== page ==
Friday, 23 September 2011

Golden Cornish Pasties

I loved shopping days in Salisbury.

Shopping days for us were jam packed with grocery shopping, marmalade delivery, doctor visits, library visits, visits to the plant nursery and afternoon visits with friends and family.  We would load the Opel up with the boxes of jams and marmalade, get dressed in "town clothes" and head off bright and early.

Salisbury was a beautiful city, sadly not so much now.  I remember if full of pretty well kept gardens and roads lined with shady purple Jacaranda and bright red Flamboyant trees. The place to shop was at Meikels or Greatamans. We did our grocery shopping and Bon Marche and we would stop at the Dairy Den for a 99 (ice cream cone with a chocolate flake).  We would park in streets named Manica Avenue or Stanley Avenue.

On special occasions, we would go to Barbour's tea-room and I would shiver in excitement as the cake trolley would make its way in between the tables.  I always took a raspberry slice and had a soda float.  Everybody in Barbour's was properly dressed.  I never went into town with farm clothes on... always a pretty dress.  Although I was far more a tomboy than a frilly girl, I loved the dress up and pompness of a town visit.  I loved getting into the lift and a man dressed in a green uniform and a top hat would tell us what was on each floor.

Sometimes we would visit Aunt Gene, Mama's sister who was a well known artist and many of her paintings hung in the Rhodesian Art gallery.  She was an eccentric spinster who had travelled the world.  Her little studio was filled with exotic gatherings from strange places and smelt of a mixture of beauty powder and pastel paints.  In her bathroom hung silk stockings and Japanese kimonos - it was a magical place and Aunt Gene was a strange yet captivating tiny slip of a woman.  Dark hair tied up with chopsticks, so unlike Mama's soft and loose blond curls.

We would make our way home just as the sun was starting to set.  I was always crammed between huge bags of sugar, flour and maize meal. I would dream away on the back seat of our little gray Opel, of the beautiful women and handsome gentlemen I saw in Barbour's tea-room, or imagine the faraway places Aunt Gene had been to. 

Dinner on these evenings would be Cornish pasties that Mama had made the day before.  Kelly would have them warming in the oven for us and we would simply wash up and enjoy the delicious pies with peas and gravy.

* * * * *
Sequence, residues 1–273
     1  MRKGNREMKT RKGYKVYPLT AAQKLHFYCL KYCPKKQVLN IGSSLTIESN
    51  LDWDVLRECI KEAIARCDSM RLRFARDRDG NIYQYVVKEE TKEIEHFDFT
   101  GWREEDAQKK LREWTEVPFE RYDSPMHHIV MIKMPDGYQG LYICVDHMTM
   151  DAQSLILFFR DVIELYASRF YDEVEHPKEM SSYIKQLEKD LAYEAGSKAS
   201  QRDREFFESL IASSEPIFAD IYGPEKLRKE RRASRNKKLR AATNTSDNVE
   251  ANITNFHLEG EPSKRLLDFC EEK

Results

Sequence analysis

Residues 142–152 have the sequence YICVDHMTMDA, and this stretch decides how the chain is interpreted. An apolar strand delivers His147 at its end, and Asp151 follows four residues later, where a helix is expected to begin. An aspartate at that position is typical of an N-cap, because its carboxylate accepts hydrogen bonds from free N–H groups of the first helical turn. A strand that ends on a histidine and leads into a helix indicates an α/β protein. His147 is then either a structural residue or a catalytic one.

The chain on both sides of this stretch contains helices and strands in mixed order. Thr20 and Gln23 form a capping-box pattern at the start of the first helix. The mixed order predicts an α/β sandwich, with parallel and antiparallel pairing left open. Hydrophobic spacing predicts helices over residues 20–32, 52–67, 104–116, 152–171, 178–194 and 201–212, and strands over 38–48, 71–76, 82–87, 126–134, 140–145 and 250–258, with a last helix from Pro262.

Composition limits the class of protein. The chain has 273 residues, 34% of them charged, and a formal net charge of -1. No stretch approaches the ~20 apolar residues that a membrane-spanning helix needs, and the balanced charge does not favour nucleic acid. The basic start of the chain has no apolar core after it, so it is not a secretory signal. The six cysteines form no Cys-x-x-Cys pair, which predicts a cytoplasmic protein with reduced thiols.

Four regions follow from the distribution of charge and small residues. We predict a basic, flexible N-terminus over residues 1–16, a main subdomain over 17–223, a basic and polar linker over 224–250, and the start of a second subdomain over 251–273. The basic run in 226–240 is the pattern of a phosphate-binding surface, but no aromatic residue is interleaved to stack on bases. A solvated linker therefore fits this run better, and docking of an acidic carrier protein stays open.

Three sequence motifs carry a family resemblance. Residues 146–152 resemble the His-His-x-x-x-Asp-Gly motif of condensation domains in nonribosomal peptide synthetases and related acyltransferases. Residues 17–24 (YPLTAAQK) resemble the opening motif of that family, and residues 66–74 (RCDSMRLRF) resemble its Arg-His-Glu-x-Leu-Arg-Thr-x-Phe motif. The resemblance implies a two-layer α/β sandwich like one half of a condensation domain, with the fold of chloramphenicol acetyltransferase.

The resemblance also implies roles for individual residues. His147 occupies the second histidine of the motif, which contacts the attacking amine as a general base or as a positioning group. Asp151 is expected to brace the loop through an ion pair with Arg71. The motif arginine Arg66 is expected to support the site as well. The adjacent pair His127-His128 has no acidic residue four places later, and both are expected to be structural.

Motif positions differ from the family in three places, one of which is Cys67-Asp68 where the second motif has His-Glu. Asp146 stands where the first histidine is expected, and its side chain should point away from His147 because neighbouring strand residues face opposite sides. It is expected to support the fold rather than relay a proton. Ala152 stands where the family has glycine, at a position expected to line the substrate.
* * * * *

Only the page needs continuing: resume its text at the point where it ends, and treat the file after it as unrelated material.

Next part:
Mama's Cornish pasties - actually this is my Great grandmother's recipe

What you need:
  • 1/2 kilo beef fillet or rump steak cut into small cubes
  • 1 large raw potato cubed
  • 1 medium onion diced
  • 1 carrot cut into small cubes
  • Short crust pastry (um sorry Mama...but I am saying shop bought is fine here)
  • Salt & pepper
  • Few dashes Worcester sauce
  • 1 egg
  • a little oil
How to make:
  • Fry the cubed meat and onion in a little oil until brown
  • Add in the potato and carrots and cook for 10 minutes on a low heat
  • Add salt & pepper and Worcester sauce
  • Roll out the short crust pastry (about 2 cm thick) and use a saucer to cut out rounds
  • Place some of the meat mixture in the middle
  • bBush the sides of the pastry with some beaten egg and fold over the pastry. Pinch closed.  Place one fork prick in the centre of the pie.
  • Brush with the remaining egg.
  • Place in hot oven (200 degrees) for ten minutes, then turn down the heat to 150 degrees and bake for a further 30 minutes.
Delicious cold too!

I came across a beautiful blog the other day and although many of the photographs are before my time, you can see the beauty of the city. Do take a look...colonialism is its most beautiful. Picture perfect streets with gorgeous parks and gloriously beautiful museums and buildings. It makes me so sad to see what it looks like now. 

But this is not a political blog, these are just my memories and I choose to remember the beauty of my childhood as best as I can.

Read more about Rhodesia

1 comment:

  1. I LOVE your memories and I also love Cornish Pasties ~ keep on writing, it is so poignant.